Due to the presence of harmful substances in resins those mould sands may be hazardous to the natural environment and workers. The general assessment of harmfulness of sands used for molds and cores encompasses 2 basic points: emission of hazardous substances during processes of preparing sands, pouring mold with liquid metals (high temperatures), cooling and shaking-out; possibility of washing out hazardous substances from used sands to the environment, during storage or economic use outside foundries. We present the results of research on the emission of BTEX compounds from mould sands with phenolic resins during pouring liquid metal of different temperature (cast iron and Al alloy). The research was conducted according to the original method prepared by the authors, which has been used for years in cooperation with various foundries (Poland, abroad).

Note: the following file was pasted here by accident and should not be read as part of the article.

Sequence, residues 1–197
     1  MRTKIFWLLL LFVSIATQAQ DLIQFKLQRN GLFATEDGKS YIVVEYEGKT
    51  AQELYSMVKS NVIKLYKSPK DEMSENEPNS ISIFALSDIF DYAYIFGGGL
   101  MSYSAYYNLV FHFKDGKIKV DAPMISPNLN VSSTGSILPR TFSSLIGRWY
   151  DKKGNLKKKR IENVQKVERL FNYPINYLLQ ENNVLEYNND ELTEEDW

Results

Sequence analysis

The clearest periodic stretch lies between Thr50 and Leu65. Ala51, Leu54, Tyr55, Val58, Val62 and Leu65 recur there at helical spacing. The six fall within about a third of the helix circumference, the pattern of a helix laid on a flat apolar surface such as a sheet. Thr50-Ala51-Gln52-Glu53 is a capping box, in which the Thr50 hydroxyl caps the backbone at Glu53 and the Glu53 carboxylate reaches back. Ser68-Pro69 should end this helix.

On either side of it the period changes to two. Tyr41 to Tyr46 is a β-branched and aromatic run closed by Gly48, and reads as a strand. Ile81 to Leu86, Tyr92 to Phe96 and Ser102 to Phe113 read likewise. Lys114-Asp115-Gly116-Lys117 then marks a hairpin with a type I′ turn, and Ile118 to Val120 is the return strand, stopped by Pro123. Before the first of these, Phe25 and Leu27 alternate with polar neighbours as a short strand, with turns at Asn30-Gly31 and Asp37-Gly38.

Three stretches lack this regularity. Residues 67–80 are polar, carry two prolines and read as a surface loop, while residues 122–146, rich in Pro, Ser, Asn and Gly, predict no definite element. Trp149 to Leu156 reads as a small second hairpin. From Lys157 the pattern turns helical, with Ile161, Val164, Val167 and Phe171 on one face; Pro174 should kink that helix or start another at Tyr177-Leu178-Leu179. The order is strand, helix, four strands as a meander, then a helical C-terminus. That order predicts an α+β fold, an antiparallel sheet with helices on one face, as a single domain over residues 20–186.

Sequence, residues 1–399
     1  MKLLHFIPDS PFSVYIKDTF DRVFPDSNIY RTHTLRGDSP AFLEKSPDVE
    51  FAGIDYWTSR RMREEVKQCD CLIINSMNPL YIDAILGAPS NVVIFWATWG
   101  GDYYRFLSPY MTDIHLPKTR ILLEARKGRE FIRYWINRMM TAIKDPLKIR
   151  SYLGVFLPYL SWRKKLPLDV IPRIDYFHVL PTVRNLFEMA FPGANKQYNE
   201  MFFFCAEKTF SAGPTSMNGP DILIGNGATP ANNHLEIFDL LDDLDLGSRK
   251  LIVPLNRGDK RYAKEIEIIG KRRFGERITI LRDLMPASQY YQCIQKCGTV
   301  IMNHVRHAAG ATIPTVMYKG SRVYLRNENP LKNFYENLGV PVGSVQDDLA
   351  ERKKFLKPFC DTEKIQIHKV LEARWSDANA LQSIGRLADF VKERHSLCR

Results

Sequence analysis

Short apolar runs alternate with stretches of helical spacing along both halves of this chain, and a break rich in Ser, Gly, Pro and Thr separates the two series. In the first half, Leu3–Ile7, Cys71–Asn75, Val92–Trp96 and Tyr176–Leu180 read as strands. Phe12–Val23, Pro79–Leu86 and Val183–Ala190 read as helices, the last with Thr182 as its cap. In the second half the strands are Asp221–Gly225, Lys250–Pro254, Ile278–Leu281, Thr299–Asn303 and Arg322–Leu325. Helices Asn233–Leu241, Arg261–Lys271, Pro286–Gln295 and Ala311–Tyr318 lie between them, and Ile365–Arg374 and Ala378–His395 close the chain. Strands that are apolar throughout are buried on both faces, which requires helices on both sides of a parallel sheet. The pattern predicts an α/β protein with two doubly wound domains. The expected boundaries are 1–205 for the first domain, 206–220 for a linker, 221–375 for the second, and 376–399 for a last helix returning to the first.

This article presents measurements of the thickness of alcohol-based coatings on sand foundry cores and moulds. These coatings were applied using two methods, the dipping method and the painting method. For the purposes of the study, a zircon alcohol-based coating was prepared with three different levels of nominal viscosity; very thin at 10s, average at 20s, and thick at 30s. The coating was applied to a core made of quartz sand and furan resin. The cores were made of sand with three different grain sizes; dL = 0.22 mm – fine sand, dL = 0.33 mm medium sand, and dL = 0.47 mm coarse sand. In the study, the thickness of the coating obtained to the core was measured immediately after application as well as after drying. Additionally, the extent of penetration into the intergranular spaces of the core matrix was measured. On the basis of this study, the impact of the grain size of the core matrix on the thickness of the coating and its penetration into the core was assessed. The thickness of coatings obtained using different application methods was also assessed.